Date: Mon, 26 Jul 2004 00:58:24 -0700
To: "Mrs. Cassini" <firstname.lastname@example.org>
From: "Russell D. Hoffman" <email@example.com>
Subject: NASA's continued launching of nuclear materials is statistically irresponsible -- the policy which led to Cassini is murder
LETTER TO "MRS. CASSINI"
July 25th, 2004
Dear Mrs. Cassini,
Many of the problems you mention are very real, but so is the potential suffering and death from something like Cassini pile-driving itself back into the earth shortly after launch. Such an explosion could have happened, or could happen next time, and the "root cause" might have nothing to do with the plutonium on Cassini, but such an accident would still condemn us all to breath that plutonium for the rest of our lives.
From a pure statistics standpoint (ignoring all the other reasons not to use nuclear materials, such as the potential for theft and subsequent use in a "dirty bomb", for which Pu 238 would be particularly useful), it is unacceptable to say "such-and-such has a one in a million chance of failure" when all prior experience suggests otherwise. The Mars failure ALSO suggested that "one in one million" was UTTER FICTION. And then to claim that that "one in one million" accident would only kill 7 people, or 120 people (NASA's highest estimate, as I recall) is pure hype. In fact it could kill twenty-five MILLION people just by, for example, crashing over the New York metropolitan area on a rainy night. There is absolutely no concrete data to back up the assertion that the failure rate is one in a million and overwhelming data to suggest that it might be more like 1 in 10. NASA similarly misrepresented SNAP-9A's failure possibility to Dr. Karl Z. Morgan four decades ago. And they also misrepresented the chance of a Challenger-type accident before the Challenger accident. And for all I know the Columbia accident came as a complete surprise to them, too. I don't know what odds they were predicting prior to Columbia for shuttle accidents, but I'll bet there was no line item in any computer program specifically for foam insulation damaging a wing, then not being noticed or worried about for nearly two weeks. So much for NASA fault trees.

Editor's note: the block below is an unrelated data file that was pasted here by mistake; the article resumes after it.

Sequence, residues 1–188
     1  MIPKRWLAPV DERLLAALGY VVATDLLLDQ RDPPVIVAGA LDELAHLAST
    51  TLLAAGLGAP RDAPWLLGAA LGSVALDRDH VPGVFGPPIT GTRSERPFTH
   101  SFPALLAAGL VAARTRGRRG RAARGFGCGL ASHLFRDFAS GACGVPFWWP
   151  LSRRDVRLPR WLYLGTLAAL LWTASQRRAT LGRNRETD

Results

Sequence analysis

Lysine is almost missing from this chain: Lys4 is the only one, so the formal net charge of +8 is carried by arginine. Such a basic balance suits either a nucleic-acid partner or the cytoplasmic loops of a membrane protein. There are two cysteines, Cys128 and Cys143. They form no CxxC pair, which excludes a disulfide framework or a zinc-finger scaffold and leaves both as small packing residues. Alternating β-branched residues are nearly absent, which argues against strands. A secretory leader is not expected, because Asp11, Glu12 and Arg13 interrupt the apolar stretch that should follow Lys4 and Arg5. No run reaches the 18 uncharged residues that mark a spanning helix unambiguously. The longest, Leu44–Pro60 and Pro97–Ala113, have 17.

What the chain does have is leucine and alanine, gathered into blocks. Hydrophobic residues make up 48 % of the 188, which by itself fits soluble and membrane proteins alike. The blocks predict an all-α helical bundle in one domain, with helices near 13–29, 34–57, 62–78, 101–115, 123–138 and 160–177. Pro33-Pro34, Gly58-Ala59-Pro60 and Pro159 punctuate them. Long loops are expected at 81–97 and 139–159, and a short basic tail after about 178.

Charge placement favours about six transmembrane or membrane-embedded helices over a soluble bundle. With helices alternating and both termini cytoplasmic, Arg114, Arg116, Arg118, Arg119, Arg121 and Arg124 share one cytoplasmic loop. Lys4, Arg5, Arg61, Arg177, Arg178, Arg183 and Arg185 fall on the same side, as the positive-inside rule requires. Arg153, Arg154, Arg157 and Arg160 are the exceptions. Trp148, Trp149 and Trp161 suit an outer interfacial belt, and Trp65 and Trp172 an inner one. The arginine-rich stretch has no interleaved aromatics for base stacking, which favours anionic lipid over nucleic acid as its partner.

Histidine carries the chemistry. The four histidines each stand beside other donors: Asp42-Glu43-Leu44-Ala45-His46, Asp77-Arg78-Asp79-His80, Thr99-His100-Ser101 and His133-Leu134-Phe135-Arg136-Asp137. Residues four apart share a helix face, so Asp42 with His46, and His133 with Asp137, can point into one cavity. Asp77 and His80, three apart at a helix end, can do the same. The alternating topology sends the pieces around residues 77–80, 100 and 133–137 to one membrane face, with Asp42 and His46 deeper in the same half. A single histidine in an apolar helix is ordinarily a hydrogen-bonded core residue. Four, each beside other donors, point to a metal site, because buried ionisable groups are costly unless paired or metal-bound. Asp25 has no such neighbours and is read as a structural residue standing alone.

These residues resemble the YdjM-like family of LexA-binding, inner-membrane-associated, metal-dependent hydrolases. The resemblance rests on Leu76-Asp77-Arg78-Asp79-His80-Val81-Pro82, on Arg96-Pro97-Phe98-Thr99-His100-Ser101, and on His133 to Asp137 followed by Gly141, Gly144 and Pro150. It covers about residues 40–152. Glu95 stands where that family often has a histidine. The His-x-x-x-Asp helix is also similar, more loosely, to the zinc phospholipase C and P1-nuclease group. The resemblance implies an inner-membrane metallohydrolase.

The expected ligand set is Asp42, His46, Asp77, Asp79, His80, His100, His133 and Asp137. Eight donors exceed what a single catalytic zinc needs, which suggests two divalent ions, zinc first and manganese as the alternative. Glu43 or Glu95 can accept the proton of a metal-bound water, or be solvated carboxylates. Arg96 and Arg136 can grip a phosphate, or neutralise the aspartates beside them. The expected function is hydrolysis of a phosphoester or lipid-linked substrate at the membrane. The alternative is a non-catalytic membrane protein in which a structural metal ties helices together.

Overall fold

In the face of NASA's enormous lack of knowledge, doesn't it make sense to chose readily available alternatives, or even develop safe new ones? Of course it does.
I have interspersed additional responses to your incredibly arrogant letter [[[ in triple brackets ]]]. You are an agent for NASA -- unpaid, perhaps, but an agent nonetheless and as such, I demand that this conversation be continued in earnest and as if under oath, for you are trying very hard to sully my reputation with the way you write and your "offer" to let me publish your drivel, and I am deeply offended by your rudeness. To learn that you are so closely connected to Cassini (and did not share that information with me in your first letter, either) disgusts me even further. Anyone working for the US Government has a duty to treat me with the respect due any anonymous U.S. citizen they might meet on the street or in the ballbark, and you have not done so by any means. You came in thrashing and trashing, and now, after just one response from me, you finalize the conversation by wishing me "good luck" in life, and asking me to now post your poison pen's remarks -- pretty clear indications you think your "work" is done here. It isn't.